Food Sources: fortified cereals, meat, fish, peanuts, peanut butter and whole grain products

Name: Vitamin B6

Benefits: helps the brain function and body to build proteins for growth and development (Read about "The Brain")

Food Sources: poultry, fish, pork, beef, nuts, beans, eggs, vegetables, bananas, avocados and fortified cereals

Name: Vitamin B12

Benefits: promotes growth and development and helps make red blood cells

Food Sources: animal sources, like meat, fish, chicken, milk, cheese, eggs and fortified cereals

Name: Folate (folic acid)

Benefits: prevents birth defects when take before and during pregnancy (Read about "Neural Tube Defects" "Healthy Pregnancy")

Food Sources: cooked dry beans, peas, peanuts, oranges, dark green vegetables, enriched grain products and fortified cereals

Name: Pantothenic Acid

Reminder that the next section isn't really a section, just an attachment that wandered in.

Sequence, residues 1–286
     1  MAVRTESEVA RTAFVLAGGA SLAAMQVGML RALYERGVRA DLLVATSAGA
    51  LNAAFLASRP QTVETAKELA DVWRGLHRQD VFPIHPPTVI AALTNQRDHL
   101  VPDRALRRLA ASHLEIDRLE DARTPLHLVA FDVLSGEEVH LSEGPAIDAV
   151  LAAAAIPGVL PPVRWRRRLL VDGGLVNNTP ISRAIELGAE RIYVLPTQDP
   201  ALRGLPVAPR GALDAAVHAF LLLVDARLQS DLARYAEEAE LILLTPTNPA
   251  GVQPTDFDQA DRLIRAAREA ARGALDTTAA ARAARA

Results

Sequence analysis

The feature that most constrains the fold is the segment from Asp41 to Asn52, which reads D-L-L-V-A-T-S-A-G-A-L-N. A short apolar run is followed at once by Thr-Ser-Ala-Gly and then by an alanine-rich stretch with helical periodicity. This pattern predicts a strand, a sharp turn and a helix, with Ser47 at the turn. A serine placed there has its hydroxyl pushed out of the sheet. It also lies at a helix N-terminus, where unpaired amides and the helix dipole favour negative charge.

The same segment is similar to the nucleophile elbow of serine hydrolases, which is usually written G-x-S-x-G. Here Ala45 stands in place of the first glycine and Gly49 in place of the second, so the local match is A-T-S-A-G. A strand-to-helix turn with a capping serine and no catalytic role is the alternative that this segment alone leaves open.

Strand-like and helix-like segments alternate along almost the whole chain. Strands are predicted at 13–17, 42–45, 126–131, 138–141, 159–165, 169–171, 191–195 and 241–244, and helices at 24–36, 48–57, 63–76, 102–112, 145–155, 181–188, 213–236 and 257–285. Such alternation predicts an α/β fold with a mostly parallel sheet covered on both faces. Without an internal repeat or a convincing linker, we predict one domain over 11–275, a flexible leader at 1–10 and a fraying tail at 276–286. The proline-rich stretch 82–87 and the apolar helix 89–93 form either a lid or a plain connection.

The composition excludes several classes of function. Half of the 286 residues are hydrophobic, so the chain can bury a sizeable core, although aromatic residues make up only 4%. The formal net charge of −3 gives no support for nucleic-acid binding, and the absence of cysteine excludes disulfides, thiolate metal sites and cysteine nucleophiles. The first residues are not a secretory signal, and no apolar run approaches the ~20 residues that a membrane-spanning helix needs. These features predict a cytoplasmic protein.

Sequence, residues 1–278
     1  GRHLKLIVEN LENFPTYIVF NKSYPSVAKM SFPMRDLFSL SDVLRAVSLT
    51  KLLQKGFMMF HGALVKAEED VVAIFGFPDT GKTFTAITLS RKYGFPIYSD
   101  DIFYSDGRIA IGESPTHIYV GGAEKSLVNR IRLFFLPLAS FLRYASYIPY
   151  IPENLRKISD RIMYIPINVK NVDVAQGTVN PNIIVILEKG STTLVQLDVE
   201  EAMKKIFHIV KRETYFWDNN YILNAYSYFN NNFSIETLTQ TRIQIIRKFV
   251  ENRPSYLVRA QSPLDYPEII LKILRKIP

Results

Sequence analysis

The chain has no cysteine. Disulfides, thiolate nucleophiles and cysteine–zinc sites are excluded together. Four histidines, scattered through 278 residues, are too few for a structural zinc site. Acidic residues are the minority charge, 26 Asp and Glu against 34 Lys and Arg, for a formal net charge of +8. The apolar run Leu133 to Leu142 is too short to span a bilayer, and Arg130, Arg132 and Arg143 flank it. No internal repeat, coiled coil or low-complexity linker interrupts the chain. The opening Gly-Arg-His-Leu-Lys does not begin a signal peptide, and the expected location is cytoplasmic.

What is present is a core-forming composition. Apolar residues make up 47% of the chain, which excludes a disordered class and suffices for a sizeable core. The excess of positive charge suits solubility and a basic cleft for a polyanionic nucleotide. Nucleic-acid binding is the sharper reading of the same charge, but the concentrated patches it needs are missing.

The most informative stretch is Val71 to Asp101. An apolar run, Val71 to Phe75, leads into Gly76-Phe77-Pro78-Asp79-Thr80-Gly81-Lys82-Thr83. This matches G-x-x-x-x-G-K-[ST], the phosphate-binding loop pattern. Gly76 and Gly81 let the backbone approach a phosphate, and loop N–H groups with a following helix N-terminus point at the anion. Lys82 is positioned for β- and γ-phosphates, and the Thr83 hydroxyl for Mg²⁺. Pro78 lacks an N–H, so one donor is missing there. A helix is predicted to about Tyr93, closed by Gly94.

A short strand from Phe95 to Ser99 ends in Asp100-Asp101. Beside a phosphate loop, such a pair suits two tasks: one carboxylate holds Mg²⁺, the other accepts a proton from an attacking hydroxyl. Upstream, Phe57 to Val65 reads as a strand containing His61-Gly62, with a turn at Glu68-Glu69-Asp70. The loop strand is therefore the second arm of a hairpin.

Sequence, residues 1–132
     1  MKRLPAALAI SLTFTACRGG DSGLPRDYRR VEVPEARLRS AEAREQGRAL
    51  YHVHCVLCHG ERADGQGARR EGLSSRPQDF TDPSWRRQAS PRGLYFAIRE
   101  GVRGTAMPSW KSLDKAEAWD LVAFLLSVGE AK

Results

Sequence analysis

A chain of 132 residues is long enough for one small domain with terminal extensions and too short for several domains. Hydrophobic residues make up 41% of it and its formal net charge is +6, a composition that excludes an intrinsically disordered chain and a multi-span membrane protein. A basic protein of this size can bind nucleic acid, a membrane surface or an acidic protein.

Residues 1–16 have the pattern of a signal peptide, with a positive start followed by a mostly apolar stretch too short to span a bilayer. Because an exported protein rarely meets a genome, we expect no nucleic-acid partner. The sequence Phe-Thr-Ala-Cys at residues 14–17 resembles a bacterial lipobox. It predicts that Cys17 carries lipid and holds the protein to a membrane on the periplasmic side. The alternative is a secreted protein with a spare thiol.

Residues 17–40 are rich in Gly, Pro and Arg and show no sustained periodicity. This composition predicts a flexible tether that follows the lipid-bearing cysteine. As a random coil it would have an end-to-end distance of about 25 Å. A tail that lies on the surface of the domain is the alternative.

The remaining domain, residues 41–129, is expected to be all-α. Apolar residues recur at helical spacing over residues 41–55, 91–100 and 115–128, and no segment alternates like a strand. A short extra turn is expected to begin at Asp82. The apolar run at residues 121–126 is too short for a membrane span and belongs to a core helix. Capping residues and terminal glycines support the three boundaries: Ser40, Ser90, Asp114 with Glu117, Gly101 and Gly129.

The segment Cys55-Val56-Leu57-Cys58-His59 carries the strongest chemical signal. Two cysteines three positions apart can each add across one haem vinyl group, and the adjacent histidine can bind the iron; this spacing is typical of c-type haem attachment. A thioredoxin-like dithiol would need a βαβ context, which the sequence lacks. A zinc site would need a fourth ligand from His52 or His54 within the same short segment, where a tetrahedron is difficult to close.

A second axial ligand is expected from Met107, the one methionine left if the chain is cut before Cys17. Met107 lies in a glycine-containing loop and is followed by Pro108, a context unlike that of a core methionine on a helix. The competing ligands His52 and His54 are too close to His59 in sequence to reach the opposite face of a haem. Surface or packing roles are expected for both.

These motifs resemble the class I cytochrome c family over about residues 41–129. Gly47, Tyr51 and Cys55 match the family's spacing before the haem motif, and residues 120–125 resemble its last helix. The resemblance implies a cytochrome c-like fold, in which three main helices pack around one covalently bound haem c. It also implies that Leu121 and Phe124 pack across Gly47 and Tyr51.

Benefits: energy metabolism

Food Sources: peas, pinto, black, and navy beans, lean meat, poultry and fish

Name: Biotin

Benefits: energy metabolism

Food Sources: egg yolk and liver

Name: Vitamin C

Benefits: healthy gums and teeth, helps body absorb iron (Read about "Oral Health")

Food Sources: sweet potatoes, pumpkin, liver, dairy products, mango, cantaloupe, apricots and other fruits and vegetables

Name: Vitamin D

Benefits: strong bones (Read about "Osteoporosis")

Food Sources: fortified cereal, fortified milk and fatty fish

Name: Vitamin E

Benefits: protects cells

Food Sources: nuts and vegetable oils

Name: Vitamin K

Benefits: clots blood, builds protein, regulates calcium levels

Food Sources: dark green vegetables, soybean and canola oils

Minerals

Name: Calcium